👜 Cost of living trends

Inflation Rate: +3.4% (YoY), +0.3% (MoM)
Policymakers aim for 2% YoY inflation (April CPI)

People seem to be feeling a little better about the economy. The New York Federal Reserve’s May Survey of Consumer Expectations revealed increased optimism across the economy. People aren’t as worried about inflation, expecting the cost of living to rise only 3.2% over the next year, lower than the last reading. Inflation expectations are important because they can be self-fulfilling, as businesses raise prices in anticipation of higher costs and consumers spend more to get ahead of rising price tags. Workers also reported a lower expected probability of losing their jobs in the next 12 months. People don’t expect to spend more but feel more optimistic about the potential for higher income and better investment returns. Consumer spending powers the economy, so it’s crucial to track sentiment.


 📈 Investment trends

The Market: ⬆️ +0.3%
S&P 500: 5,360.79
1Mo: +3% | 1Yr: +24% | 5Yr: +86%

The market drifted higher on Monday as investors hoped that recent data showing more robust hiring, improving wages, and greater optimism will help the economy grow without overheating and causing more inflation. Investors await the May inflation report and Federal Reserve policy decision on Wednesday.


🏭 Companies worth watching


Act like a boardmember and judge how companies behave. Engaging helps build your financial confidence and hold corporations accountable. (+2pts)

Virgin Galactic

Visiting Astronauts

Virgin Galactic completed its second successful tourist flight to the edge of space, soaring 55 miles high for about an hour at over $250,000 per ticket.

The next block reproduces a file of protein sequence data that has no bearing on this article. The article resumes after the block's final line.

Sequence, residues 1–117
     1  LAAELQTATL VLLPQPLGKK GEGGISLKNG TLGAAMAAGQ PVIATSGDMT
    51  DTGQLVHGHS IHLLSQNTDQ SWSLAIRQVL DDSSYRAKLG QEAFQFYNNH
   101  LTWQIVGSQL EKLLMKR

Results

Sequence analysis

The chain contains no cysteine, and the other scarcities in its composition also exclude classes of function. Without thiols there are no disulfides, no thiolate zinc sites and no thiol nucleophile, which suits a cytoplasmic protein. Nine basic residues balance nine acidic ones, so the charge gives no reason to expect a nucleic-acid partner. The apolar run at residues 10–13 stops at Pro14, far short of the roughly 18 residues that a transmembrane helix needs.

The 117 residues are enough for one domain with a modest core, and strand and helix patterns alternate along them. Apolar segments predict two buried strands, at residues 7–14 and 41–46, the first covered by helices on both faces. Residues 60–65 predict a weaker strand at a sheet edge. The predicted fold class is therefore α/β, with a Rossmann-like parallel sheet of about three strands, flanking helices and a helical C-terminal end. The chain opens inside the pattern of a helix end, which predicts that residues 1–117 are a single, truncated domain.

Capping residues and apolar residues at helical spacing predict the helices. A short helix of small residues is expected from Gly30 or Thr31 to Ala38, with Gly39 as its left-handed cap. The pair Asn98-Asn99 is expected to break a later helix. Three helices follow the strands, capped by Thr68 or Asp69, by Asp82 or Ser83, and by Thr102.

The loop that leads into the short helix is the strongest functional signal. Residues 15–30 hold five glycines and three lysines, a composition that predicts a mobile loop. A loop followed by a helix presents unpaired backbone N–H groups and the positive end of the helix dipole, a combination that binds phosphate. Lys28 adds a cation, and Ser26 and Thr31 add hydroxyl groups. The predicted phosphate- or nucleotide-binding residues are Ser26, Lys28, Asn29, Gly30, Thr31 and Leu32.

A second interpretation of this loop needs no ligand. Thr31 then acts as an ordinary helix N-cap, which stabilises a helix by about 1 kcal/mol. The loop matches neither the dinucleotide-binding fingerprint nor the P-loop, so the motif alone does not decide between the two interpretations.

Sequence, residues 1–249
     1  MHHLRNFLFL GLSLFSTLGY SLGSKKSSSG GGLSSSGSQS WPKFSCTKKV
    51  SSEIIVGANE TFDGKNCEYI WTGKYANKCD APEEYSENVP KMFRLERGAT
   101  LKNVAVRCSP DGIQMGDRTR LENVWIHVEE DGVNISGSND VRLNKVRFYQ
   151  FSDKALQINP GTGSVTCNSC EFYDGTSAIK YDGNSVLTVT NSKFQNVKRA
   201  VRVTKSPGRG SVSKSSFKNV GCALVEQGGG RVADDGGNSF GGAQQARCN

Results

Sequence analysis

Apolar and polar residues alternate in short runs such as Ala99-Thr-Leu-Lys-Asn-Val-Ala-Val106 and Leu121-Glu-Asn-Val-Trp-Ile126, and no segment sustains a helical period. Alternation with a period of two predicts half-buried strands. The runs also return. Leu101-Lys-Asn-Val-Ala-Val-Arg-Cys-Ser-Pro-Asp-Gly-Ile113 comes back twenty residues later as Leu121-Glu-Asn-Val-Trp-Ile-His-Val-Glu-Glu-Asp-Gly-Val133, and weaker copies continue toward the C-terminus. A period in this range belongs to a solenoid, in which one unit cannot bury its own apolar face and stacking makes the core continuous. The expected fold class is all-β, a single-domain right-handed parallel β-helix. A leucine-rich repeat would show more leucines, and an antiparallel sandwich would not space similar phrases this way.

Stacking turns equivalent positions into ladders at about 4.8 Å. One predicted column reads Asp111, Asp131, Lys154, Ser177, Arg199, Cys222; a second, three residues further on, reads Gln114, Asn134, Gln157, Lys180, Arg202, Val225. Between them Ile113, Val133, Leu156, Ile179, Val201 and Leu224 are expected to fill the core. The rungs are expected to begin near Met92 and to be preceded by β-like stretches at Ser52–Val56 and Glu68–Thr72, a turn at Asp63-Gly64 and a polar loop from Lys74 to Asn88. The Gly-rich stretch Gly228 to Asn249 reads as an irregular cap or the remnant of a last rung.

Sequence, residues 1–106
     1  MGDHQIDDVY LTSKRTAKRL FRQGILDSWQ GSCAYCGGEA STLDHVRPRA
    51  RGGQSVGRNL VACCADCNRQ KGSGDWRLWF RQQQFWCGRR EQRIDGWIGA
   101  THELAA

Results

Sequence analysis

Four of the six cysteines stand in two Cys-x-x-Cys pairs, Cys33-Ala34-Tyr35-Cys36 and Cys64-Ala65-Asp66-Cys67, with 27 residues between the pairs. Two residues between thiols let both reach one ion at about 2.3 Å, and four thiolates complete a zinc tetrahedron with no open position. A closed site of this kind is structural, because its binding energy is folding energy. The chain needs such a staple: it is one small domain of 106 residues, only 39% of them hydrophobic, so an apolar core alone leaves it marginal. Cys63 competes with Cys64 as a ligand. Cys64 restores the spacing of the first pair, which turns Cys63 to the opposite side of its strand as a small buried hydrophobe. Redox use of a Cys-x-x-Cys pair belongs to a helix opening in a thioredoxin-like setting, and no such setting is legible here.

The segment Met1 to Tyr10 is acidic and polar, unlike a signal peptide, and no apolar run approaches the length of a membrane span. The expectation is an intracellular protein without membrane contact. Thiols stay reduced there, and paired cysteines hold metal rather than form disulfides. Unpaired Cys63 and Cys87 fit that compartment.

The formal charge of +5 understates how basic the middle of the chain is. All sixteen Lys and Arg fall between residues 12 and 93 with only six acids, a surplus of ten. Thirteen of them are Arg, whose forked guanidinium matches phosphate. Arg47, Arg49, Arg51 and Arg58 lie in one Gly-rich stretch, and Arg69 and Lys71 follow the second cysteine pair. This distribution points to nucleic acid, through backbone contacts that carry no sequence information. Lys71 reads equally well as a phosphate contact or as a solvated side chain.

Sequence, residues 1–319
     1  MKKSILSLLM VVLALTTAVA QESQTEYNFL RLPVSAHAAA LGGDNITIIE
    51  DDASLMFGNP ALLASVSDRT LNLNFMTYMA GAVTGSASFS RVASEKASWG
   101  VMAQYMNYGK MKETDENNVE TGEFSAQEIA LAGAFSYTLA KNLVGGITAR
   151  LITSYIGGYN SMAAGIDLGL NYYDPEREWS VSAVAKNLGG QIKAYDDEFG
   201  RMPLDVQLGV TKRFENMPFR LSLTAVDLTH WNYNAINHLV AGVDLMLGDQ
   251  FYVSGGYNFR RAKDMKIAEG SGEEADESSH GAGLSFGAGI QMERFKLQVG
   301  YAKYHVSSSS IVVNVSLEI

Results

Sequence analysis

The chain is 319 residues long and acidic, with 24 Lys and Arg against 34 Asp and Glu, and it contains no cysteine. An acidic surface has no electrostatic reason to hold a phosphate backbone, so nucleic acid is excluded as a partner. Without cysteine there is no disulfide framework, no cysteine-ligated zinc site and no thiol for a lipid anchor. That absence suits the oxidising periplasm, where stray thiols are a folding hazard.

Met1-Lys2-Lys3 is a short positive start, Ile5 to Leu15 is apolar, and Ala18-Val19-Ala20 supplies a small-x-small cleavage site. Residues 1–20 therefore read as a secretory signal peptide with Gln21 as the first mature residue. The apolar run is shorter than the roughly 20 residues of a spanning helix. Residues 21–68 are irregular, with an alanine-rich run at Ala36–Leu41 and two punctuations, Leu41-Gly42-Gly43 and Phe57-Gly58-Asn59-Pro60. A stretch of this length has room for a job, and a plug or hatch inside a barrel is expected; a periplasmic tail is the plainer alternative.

The space tourism company made a comeback this year after several production disruptions.

Tell Virgin Galactic's CEO how you feel

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 💭 Broader perspectives… (+2pts)

Would you board a rocket to space today if offered (for free)?

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Building Trust

Adobe promised to update its terms of service to reassure customers that their designs and creations will not be used to train Adobe's artificial intelligence tools after immense backlash toward its vague terms.

The software giant says its AI has only been trained on Adobe-owned, licensed, and public content.

Tell Adobe's CEO how you feel

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Accountability Debate

Snowflake faces data security concerns as increasing corporate clients, from Ticketmaster to LendingTree, suffer data breaches due to compromised login credentials from malware attacks.

The cloud services provider claims it was not breached despite acknowledging unauthorized access to limited accounts without multi-factor authentication.

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Abbott Labs

Wider Access

Abbott gained regulatory clearance for two new over-the-counter continuous glucose monitors - one for health-conscious users monitoring metabolism and another for those with Type 2 diabetics who don't rely on insulin.

The health giant's new glucose monitors aim to improve accessibility and insight into metabolic health.

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Rio Tinto

Bio-Iron Breakthrough

Rio Tinto will invest $143M to build a sustainable steelmaking factory that uses renewable energy, biomass, and microwaves to create steel using 70% less electricity and emitting 95% less carbon pollution than alternatives.

The metal and mining giant aims to reduce steelmaking emissions to reach net zero by 2050.